Plant Guide > Grasses > Couch Grass

Couch Grass


Agropyron repens (L.) Beauv.

In June the Couch-grass suddenly appears by the waysides and as the worst of weeds in cultivated lands; the stout leafy stems and flattened two-sided spikes apparently having sprung up in a night.

This species varies greatly in appearance, especially near the seacoast, but it is always unlike other grasses, with the possible exception of Ray-grass from which it is distinguished by the position of the spikelets, those of Ray-grass being placed edgewise, or with their backs to the stem, while in Couch-grass the spikelets are closely placed with their sides against the axis of the spike.

Couch-grass grows with the energy of the fabled hydra, and where one
of the dark green stems is cut, half a dozen rise to take its place.

This grass and the Johnson Grass of the South have the most extensive system of creeping or, more expressively, running rootstocks of any of the inland grasses.

The strong, white subterranean stems of Couch-grass form a network and send off innumerable sharp-pointed shoots, which in the garden often pierce roots and tubers and seem to prefer to grow through any permeable object rather than to turn aside.

This grass is the worst enemy of the farmer among his cultivated acres, as each breaking of the ground's surface by sharp-edged tools serves only to cut and scatter the roots, each fragment of which, seemingly, "hath in it a Propertie and Spirit, hastily to get up and spread."

This quality of the plant suggested to Charles Dudley Warner while spending his "Summer in a Garden" the idea of offering Couch-grass to the clergy as an example of total depravity, vet insatiable ambition seems the chief characteristic of this plant, whose merits are recognized in its tenacity of life through drouth and on sandy soils, as well as in the nutritious hay yielded, while the long rootstocks are valuable in binding the loose soil of railway embankments.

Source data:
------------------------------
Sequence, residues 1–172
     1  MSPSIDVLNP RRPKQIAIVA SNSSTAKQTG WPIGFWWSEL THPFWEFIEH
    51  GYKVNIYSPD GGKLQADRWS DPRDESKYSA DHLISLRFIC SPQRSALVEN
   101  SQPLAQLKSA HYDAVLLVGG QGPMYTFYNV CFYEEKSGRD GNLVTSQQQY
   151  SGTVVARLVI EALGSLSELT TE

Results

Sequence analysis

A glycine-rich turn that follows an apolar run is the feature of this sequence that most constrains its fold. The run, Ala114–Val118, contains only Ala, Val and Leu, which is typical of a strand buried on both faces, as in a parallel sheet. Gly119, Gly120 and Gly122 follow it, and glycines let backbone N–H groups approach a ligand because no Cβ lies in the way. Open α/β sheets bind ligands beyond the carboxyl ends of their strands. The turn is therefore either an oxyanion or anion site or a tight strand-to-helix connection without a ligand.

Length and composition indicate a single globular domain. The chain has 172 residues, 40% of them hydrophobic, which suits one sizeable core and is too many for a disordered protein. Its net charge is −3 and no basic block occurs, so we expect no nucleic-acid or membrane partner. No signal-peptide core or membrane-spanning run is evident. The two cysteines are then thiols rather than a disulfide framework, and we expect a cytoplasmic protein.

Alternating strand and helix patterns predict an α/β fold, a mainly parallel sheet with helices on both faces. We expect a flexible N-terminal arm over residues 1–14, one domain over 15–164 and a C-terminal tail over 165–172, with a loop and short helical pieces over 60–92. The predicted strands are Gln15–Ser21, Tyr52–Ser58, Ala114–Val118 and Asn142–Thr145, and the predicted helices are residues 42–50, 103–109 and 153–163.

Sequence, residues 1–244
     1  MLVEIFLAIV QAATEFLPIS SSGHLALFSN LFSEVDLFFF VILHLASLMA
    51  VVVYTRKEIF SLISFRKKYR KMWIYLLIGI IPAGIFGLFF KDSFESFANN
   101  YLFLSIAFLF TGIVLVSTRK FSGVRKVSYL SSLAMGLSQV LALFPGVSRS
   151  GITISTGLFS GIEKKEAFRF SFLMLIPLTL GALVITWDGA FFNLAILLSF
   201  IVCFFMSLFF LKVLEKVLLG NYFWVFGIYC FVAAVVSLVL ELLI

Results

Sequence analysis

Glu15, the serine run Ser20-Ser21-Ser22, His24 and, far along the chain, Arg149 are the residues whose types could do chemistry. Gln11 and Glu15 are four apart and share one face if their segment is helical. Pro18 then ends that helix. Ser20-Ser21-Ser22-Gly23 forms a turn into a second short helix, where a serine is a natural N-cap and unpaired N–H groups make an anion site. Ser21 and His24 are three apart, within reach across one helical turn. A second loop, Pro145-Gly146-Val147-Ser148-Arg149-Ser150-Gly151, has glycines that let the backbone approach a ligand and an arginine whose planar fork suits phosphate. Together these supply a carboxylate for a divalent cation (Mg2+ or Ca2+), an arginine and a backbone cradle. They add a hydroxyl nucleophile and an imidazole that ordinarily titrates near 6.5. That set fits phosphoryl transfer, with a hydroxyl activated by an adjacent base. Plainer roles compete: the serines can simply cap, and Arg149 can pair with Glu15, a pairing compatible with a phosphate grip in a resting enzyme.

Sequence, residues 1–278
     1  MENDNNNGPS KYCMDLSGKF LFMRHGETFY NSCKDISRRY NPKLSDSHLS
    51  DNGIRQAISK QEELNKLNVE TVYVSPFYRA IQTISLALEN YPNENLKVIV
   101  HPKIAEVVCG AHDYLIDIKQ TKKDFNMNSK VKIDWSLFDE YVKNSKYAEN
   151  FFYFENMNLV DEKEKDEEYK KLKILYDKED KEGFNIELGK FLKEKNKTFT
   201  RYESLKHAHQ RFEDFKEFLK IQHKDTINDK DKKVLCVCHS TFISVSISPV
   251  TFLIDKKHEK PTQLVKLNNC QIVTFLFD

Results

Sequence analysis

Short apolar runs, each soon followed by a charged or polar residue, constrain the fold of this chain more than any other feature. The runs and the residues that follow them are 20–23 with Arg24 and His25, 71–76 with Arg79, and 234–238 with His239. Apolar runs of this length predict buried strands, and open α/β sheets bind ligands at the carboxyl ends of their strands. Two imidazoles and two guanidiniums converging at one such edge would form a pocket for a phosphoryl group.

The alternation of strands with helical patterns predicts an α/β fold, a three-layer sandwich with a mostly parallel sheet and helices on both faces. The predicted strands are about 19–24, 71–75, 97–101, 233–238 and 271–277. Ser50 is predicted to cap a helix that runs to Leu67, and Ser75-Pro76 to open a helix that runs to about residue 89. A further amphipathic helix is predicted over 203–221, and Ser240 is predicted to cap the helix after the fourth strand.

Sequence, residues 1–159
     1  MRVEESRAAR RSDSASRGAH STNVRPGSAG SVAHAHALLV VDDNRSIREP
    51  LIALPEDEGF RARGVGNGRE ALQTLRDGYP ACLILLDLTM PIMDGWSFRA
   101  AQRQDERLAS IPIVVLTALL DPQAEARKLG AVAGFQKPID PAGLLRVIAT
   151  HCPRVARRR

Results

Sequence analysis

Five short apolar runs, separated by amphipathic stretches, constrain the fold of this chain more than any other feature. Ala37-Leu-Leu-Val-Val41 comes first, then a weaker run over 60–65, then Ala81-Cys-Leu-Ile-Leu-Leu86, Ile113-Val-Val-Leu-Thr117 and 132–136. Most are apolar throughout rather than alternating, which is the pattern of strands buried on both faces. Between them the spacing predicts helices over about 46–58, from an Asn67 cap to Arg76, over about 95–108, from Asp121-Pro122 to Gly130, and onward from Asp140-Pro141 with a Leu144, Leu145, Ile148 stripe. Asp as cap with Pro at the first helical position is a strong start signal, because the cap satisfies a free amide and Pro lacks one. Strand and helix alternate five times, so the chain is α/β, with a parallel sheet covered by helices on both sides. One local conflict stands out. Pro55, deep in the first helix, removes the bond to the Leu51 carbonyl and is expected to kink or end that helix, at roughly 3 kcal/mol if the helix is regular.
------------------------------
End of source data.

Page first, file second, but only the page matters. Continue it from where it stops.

On pasture lands of the North-western States other species of the genus furnish an important part of the native grasses.

Couch-grass. Quick-grass. Quitch-grass. Devil-grass. Witch-grass. Agropyron repens (L.) Beauv.

Perennial, with running rootstocks. Naturalized from Europe.

Stern 1-4 ft. tall, erect. Ligule very short. Leaves 4'-12' long, 2"-5" wide, flat, smooth on lower surface, rough above.

Spike 2'-8' long, narrow. Spikelets 3-6-flowered, 4"-10" long, green, solitary, sessile on alternate notches of the rachis, side of each spikelet placed against the rachis. Outer scales acute, or awn-pointed, sometimes obtuse or notched, strongly nerved, about equal; flowering scales acute or short-awned; palets slightly shorter than flowering scales. Stamens 3, anthers large, yellow. A very variable species.

Fields, cultivated ground, and waste places. June to September.

Newfoundland to the Northwest Territory, south to Virginia, Ohio, and Iowa.